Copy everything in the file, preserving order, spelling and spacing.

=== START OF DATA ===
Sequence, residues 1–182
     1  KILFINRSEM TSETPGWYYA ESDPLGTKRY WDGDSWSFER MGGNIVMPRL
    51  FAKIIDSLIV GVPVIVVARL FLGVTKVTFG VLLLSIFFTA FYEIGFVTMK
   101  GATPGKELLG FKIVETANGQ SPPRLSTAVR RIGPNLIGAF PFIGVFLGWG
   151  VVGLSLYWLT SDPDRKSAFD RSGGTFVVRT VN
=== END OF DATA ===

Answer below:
Sequence, residues 1–182
     1  KILFINRSEM TSETPGWYYA ESDPLGTKRY WDGDSWSFER MGGNIVMPRL
    51  FAKIIDSLIV GVPVIVVARL FLGVTKVTFG VLLLSIFFTA FYEIGFVTMK
   101  GATPGKELLG FKIVETANGQ SPPRLSTAVR RIGPNLIGAF PFIGVFLGWG
   151  VVGLSLYWLT SDPDRKSAFD RSGGTFVVRT VN